In this parable of “the last shall be first” three buddies and a former enemy join forces to save the world from an invasion by aliens who got the wrong impression from a NASA deep space voyage. The scientists back in the 1980s had included various items to represent our civilization, including current video games such Pac-Man and Space Invaders. Seems the aliens mistook the games as a challenge to go to war. Goofy but fun.

 

Ricki and the Flash

Rated R. Luke 15:17a; 1 Corinthians 16:14

Meryl Streep is a delight as the Prodigal Mother who years earlier had left her husband and three children because her urge to produce rock music was stronger than her maternal instincts. She flies back from the West Coast when her grown daughter tried to commit suicide, discovering upon arrival that one of her two sons is planning a wedding to which she has not been invited. Lots of amusing as well as heart wrenching moments that lead to an Easter-like development and a reconciliation as bittersweet as the one in the other Streep film with a similar plot, Kramer Vs. Kramer.

 

Ant Man

Rated PG-13. Psalm 34:18

The origin of this Marvel superhero involves a heart-warming father-little daughter tale in which the just out of prison father has difficulty finding and holding a job—until the scientist who has developed a secret shrinking serum invites him to become Ant-Man, who must go up against an industrialist who wants to use the serum to develop an unbeatable army of tiny super soldiers.

 

Mission Impossible – Rogue Nation

Rated R. Psalm 34:21.

Consider this the cinematic version of one of those super energy drinks or an over two-hour roller coaster ride. There is a plot and some human interaction as our Tom Cruise super hero (well almost, and he does also eschew tights, tall boots, and a cape), assisted by some faithful friends, endures all kinds of perils in order to thwart an evil organization so secret that he cannot prove its existence to the head of the CIA, who wants to shut down Cruise’s division.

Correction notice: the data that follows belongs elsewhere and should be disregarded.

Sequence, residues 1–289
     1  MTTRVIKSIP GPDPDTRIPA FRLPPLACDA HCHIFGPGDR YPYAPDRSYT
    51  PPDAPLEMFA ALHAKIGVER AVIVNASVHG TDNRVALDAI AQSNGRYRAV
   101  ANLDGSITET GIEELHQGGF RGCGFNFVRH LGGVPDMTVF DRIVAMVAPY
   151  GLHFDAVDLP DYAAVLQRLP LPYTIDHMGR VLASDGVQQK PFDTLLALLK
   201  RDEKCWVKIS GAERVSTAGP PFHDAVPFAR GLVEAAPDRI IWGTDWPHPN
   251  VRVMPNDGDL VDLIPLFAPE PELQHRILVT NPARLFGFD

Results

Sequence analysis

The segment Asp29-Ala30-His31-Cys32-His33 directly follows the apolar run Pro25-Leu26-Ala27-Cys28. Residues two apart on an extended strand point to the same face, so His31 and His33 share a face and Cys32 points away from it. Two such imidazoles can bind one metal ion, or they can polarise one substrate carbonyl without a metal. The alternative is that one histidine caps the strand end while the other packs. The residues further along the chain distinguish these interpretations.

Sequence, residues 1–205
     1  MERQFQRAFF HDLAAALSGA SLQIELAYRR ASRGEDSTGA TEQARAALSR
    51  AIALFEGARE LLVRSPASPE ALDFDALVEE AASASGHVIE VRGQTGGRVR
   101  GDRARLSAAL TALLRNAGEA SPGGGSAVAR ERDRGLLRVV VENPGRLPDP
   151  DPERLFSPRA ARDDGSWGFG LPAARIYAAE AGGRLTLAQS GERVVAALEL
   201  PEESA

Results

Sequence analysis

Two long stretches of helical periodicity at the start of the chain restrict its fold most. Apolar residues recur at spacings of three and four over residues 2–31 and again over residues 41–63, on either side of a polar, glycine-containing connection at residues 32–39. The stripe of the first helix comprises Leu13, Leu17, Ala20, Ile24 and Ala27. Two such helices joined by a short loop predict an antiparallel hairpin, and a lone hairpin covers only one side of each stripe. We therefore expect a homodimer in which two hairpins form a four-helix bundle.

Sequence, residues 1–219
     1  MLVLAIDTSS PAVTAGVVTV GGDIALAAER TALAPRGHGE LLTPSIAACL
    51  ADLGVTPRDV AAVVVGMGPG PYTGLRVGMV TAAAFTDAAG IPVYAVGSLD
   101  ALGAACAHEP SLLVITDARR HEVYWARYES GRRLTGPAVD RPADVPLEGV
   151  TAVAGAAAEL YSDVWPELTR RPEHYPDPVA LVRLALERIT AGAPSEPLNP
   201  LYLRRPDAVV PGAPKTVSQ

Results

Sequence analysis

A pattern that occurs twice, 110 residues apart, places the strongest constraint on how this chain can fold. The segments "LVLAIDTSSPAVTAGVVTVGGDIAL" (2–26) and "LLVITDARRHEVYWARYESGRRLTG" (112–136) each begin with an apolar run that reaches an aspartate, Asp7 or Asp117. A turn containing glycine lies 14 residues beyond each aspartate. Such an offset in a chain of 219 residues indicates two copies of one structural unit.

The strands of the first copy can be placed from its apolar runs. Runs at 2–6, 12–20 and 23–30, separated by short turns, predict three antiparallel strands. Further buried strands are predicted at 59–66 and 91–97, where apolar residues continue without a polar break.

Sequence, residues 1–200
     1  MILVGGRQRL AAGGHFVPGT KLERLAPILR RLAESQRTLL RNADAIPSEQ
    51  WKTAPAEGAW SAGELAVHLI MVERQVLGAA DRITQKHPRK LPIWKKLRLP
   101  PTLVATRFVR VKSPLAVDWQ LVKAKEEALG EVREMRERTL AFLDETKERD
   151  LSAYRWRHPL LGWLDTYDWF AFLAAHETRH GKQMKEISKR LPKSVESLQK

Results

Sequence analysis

On Video

These left our art house theaters all too soon, but should soon be available on video.

 Testament of Youth

Rated PG-13. Proverbs 25:21

This 5-star film left the art house circuit before I could get the word out. Based on the memoir of the great English peace activist Vera Brittain, it recounts her experience as a WW 1 nurse who lost her brother and her lover in battle, thus arriving at her strong desire to work for peace. This beautifully produced and acted period drama deserves more attention that it received while in the all too few theaters that showed it.

 

Infinitely Polar Bear

Rated R. Psalm 38:11; Romans 7:19

A Boston bi-polar father has to take care of his two daughters when his almost ready to leave him wife decides to enroll in an 18 month MBA course in NYC so she can get a decent job that will support all of them. High drama and low (slightly) comedy at times, this film has us rooting for a tormented man who wants to do the right thing but whose good intentions are too frequently sabotaged by his illness.

 

The 100-Year-Old Man Who Climbed out the Window and Disappeared

Rated R. Psalm 59:1-4

If you liked Forest Gump you should enjoy this spoof in which the elderly resident climbs out a window and sets out on a journey pursued by a policeman and some thugs, the latter because he accidentally came into possession of a suitcase full of their drug moment. He picks up companions along the way, and also has memories of his colorful past. These include his befriending General Franco, Joseph Stalin, Robert Oppenheimer, Harry Truman, and Einstein (Herbert, not Albert). Crazy and fun, the antics even involving the death of a murderous thug by a pet elephant.

Leave a Reply

Your email address will not be published. Required fields are marked *